The evidence for this statement comes from all four sources. The external interviewees
emphasised that many platforms exist outside universities for communicating research.
These platforms offer significant opportunities to reach out beyond the academic milieu
(e.g. through periodicals, the media, festivals, public lectures, popular books, and so on) to
the general public, school students and school teachers, and local, national and
international communities of interest. Some respondents indicated that in parts of the
academic sphere there is still a detectable bias against popularisers.
E. Research impacts are often unplanned; nevertheless more academics could use
existing opportunities to ensure their research has greater impact.
Evidence for this statement comes from all the sources. It shows that although some
researchers may have planned some research impacts in advance, more often this was not
the case. They might respond to chance opportunities or encounters to enable their
research to be more influential, particularly beyond the academic sphere. These unplanned
opportunities and their results could then inform researchers’ hopes, intentions and plans
for designing and communicating other pieces of their research. The cases show this
vividly. By extension, more academics could position themselves to benefit in this way.
Some of the external interviewees were disappointed or even frustrated by the reluctance of
some academics to be more actively communicative about their research beyond their
academic peers.
F. The adapted Payback Framework provides an effective way to examine the
impacts of arts and humanities research.
xiv
Assessing the impact of arts and humanities research at the University of Cambridge
RAND Europe
Evidence for this statement comes from all the sources. The Payback Framework has been
adapted and used here to analyse the impacts of arts and humanities research. The most
important modifications were (a) to the categories of impact; (b) the introduction of
teaching as a new interface in the model; and (c) the differentiation of academic impact as
a distinct stage. These modifications were developed through a consultative process with
the academic researchers and in discussion with the originators of the Payback Framework,
to reflect more accurately the characteristics of arts and humanities research in the model.
1.3
Shared responsibilities and next steps
The University of Cambridge and AHRC continue to develop ways to increase the breadth
and depth of impacts that arts and humanities research can achieve. They recognise that
this is a shared responsibility.
The University centrally, the School of Arts and Humanities, the School of Humanities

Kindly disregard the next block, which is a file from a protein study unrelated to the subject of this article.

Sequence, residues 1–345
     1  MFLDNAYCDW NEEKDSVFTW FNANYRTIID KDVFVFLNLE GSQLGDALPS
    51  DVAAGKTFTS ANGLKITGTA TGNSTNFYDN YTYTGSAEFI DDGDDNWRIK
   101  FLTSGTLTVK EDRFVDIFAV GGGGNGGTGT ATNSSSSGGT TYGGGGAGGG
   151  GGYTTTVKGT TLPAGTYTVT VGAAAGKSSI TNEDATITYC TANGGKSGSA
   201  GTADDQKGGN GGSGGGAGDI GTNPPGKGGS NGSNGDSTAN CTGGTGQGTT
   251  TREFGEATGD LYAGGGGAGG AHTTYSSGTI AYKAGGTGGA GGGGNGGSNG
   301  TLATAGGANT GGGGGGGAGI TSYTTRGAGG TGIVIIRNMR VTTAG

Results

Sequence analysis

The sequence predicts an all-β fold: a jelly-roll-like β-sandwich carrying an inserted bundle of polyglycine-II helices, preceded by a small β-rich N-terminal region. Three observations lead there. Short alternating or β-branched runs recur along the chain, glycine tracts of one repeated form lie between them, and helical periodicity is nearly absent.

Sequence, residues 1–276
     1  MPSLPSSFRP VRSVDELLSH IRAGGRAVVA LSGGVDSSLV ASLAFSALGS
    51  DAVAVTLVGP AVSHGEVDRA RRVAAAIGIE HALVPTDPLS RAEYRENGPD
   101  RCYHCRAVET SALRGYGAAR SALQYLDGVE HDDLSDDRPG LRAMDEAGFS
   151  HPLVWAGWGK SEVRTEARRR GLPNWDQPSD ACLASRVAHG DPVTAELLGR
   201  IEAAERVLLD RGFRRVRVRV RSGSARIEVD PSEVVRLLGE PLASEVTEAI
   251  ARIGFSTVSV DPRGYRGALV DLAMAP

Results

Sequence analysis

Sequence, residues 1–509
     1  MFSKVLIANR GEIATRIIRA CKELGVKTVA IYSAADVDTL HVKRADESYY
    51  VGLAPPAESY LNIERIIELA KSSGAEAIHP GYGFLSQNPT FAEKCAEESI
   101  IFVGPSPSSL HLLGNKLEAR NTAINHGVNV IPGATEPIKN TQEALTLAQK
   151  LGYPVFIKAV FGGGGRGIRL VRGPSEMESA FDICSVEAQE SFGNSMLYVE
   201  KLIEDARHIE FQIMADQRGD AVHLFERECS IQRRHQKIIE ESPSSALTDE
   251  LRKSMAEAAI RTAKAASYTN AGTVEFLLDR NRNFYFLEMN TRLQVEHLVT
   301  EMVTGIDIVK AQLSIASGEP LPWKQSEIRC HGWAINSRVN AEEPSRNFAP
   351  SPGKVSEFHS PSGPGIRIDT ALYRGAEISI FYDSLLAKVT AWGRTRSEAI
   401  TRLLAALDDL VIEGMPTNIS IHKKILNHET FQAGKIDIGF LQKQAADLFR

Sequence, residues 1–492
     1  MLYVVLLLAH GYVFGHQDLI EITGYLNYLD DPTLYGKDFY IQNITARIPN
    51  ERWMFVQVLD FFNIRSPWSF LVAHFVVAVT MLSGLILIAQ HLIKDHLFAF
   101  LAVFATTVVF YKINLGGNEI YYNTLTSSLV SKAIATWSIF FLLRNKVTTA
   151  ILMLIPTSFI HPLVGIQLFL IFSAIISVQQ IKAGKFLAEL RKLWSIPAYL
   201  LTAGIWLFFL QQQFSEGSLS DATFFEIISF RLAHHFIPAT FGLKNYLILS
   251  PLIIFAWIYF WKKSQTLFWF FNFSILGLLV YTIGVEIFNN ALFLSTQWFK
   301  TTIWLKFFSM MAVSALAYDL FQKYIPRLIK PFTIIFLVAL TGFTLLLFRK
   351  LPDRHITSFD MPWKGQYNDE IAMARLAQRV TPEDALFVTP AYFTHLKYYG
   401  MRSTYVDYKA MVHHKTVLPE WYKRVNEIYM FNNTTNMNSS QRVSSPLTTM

and Social Sciences, and the faculties, departments and centres within them, and
individual researchers together are responsible for enabling more of their research to
achieve greater breadth and depth of impacts.
Likewise, the AHRC’s continuing efforts to explore and communicate the breadth, depth
and range of impacts of arts and humanities research are essential, not least where
individual researchers may be unaware of the potential value of their own research. A wide
range of potential impacts exists, and more impacts could be achieved if awareness was
raised of the routes and methods for achieving those impacts and if researchers became
more ambitious and more confident in seeking broader and deeper impacts for their
research.
Alongside the academic benefits from research there can be distinct benefits to a range of
non-academic interests, through many forms of knowledge creation and enrichment.
Creating opportunities and incentives for all researchers, regardless of level or tenure, to
expand these types of impacts could help to strengthen this vital public benefit. Building a
larger base of evidence about the research impacts that non-academic informants use and
need would help to strengthen the definitions of categories of impact to underpin any
weighting or other quantification that research funders may be considering.
Using the solid foundations developed here and widening the inquiry to other arts and
humanities research at other universities, it would be possible to assess how typical or
atypical the evidence from the University of Cambridge is. That would also enable the
development of a larger pool of evidence, and thereby support comparisons across
institutions. The AHRC may therefore want to consider using the adapted Payback
Framework further with other universities. We would recommend that the Framework
informs the design and analysis of such assessments, and that it would be important to
include all four of the methods of data gathering employed in this study.
Further work could also usefully be done to delineate more precisely the similarities and
differences (in terms of impacts), not only between fields of research within arts and
humanities but also between the arts and humanities and the sciences and social sciences.
xv